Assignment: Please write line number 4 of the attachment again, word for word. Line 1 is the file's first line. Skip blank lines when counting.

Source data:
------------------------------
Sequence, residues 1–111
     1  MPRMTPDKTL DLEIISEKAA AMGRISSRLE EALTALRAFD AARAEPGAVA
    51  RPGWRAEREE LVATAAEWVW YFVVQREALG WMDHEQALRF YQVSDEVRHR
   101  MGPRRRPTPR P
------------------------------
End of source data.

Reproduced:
   101  MGPRRRPTPR P